Thursday, 22 October 2009

For wrath, fury, etc, read anger

Italy's worst advertisement, Brain-dead Berlusconi, is at it again, this time with what Reuters reporter Deepa Babington calls his "cutting remark about a female rival's lack of beauty": that she is "more beautiful than intelligent". Rosy Bindi is a senior left-wing politician, but Ms Babington can't rely on us getting Berlusconi's point from her photo - she has to describe her immediately as "matronly, bespectacled", nudge nudge.

Italian women have reacted strongly to this "insult", with 97,000 signing the "Women offended by the premier" appeal, Facebook sites and protests. Bindi's response, "I'm not a woman at your disposal" has appeared on T-shirts and placards.

So how is this anger described? As a "rare public backlash/feminist backlash" - a term much more accurately used for right-wing attacks on feminism.

Reporters must have a handy little compenidum of well-worn phrases lurking somewhere on their computers, ready to leap to their fingers as soon as the words "women", "feminist" and "protest" appear. Women objecting to sexism never, you understand, express justifiable anger -no, behaviour such as Berlusconi's always "unleashes their fury", or, as here, "opens the floodgates of female wrath".

And for good measure, Ms Babington (who clearly knows what her bosses want) saw fit to end the story by reminding us of S.B.'s earlier "swipe" at Bindi (which I won't deign to repeat here). The Dom-Post subs liked this so much that they used it as the large boldface caption for the PM's photo, even though it was months old and had little to do with the current story.


Giovanni Tiso said...

Giovanna Melandri's comeback - "Berlusconi is taller than he is honest" - made me smile.

Here's the text of the appeal in English and here's the English version of a very topical documentary on the female body in the Italian media. I saw one of the filmmakers, Lorella Zanardo, debate some scumbags on Italian TV three weeks ago and it gave me some hope for the nation - the way in which she kept her cool in the face of all manners of provocation was particularly heartening.

Brett Dale said...

I think its disgusting that Politicians have to make personal comments against each other.

It seems the media though, picks and chooses it's cases to show outrage.

I have heard several comments made about Greg Brownlee's weight and Winston peters height, and a fuss is never made.

Anonymous said...

oh of course; 'what about teh menz?'
the requirements to be attractive placed on men and women are hardly comparable, Brett.

Brett Dale said...

Your kidding me right??? There was a brilliant BBC documentary about seven or eight years ago that tested the theory of the pressures that society puts on looks and the judgments people make on looks.

They did all these human behavioral tests to see if Society judge men the same way as woman.

One of the tests they did was to dress up a man who was six feet in height and good looking, they dressed him up in a expensive business suit in the middle of London, they then asked females what job they thought he did, the replies were...

Top Executive
Self made Millionaire

They then got a guy who was five foot, normal looking, they put him in a expensive business suit and they asked females what job he did, the replies were....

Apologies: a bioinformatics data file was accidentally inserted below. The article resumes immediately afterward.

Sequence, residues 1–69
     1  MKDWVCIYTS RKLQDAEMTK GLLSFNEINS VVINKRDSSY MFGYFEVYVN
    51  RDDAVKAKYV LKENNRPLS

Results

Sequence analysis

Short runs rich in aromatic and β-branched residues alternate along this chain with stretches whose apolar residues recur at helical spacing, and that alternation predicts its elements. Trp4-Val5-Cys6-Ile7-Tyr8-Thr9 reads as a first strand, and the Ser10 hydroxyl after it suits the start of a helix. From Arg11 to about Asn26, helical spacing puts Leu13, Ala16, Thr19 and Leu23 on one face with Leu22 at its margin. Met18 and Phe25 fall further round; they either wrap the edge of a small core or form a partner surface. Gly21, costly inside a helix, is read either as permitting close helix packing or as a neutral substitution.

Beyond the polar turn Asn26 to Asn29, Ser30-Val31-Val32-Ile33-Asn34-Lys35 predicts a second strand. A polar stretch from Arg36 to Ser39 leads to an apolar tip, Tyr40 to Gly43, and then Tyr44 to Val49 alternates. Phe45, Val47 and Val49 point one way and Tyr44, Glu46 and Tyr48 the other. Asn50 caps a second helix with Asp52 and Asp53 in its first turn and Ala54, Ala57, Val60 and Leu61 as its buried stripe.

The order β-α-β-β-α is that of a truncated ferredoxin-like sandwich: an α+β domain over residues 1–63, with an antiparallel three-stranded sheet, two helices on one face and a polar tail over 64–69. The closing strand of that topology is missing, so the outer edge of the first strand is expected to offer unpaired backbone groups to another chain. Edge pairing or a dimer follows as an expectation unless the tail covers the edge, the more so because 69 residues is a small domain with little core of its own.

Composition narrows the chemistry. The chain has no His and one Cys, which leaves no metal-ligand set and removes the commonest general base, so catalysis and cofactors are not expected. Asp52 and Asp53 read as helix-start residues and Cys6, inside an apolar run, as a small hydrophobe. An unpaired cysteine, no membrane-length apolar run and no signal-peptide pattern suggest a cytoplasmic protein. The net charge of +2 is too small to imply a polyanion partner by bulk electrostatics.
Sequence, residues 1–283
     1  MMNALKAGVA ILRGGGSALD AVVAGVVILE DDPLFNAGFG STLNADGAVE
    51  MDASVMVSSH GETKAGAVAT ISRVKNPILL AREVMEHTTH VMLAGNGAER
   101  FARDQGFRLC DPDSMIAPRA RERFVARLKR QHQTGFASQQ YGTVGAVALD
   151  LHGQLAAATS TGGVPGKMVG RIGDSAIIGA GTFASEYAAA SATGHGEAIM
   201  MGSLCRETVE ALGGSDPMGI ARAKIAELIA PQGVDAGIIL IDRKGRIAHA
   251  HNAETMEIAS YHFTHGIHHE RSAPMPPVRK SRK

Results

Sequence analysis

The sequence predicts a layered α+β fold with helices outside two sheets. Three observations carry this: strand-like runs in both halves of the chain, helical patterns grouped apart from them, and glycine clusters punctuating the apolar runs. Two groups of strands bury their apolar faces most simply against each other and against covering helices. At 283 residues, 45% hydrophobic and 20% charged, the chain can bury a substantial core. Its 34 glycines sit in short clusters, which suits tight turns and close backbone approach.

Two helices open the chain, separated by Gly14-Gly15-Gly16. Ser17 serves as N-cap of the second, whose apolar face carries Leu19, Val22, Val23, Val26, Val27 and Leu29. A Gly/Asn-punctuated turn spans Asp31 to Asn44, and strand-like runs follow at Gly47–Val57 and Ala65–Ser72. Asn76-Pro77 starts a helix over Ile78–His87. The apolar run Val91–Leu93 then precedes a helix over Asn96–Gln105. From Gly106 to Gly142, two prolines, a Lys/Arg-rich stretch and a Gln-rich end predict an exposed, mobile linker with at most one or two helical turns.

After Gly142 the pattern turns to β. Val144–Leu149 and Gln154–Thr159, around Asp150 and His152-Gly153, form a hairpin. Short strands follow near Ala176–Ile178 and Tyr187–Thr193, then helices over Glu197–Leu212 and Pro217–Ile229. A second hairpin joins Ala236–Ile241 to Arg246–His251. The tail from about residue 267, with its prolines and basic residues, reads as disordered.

Kitchen Hand
Hes on parole
Minimum wage job

They reverse the test, and it was males that didnt prejudge

Something to think about.

Jill said...

Yep one doco totally convinces me lol!

You can compare it to how often people talked about Helen Clark's appearance as too how much people now talk about John Key's appearance.

Oh yeah. They DON'T talk about John Key's appearance. But one doco....yep spot on there.

'What about teh menz' indeed.

Brett Dale said...

Of course one doco doesnt make something right, you need years of research, but I have worked in various places and different industires and I have seen on many occasions little fat bald men get passed over for promotion (even though they had the best ideas) while the Brad Pitt lookalikes got promoted.

People being judge by what they look like is, just doesn't happen to the female gender.

Giovanni Tiso said...
This comment has been removed by the author.
Giovanni Tiso said...

Sounds like the bald man in your example was passed for a promotion in favour of another man. See what you did there?

Brett Dale said...

There were only two people up for Promotion, and the good looking useless worker got picked and the fat bald guy, the Boss who made the choice was female by the way.

How can you not believe there is Bias in the work place against males judge on by what they look like?

I could give you hundreds of other examples.

Giovanni Tiso said...

I believe it fine, and I don't like the put downs on Brownlee on account of his weight any more than you do, it just happens not to be the point.

We are fortunate to live in a society where women can occasionally rise to the top of their chosen fields - as demonstrated rather spectacularly over the last decade - but it doesn't mean that sexism is over. Do you really want to compare the discourse regarding Helen Clark's (entirely unexceptional) looks with, say, John Key's? When women point one of these instances out, as the poster reminds us, the mainstream media has a way of framing the response that is itself belittling and more than a little insulting, which is a measure of how much more work needs to be done on the route to equality. That men might also be judged on the basis of their appearance is entirely irrelevant to the point of the post.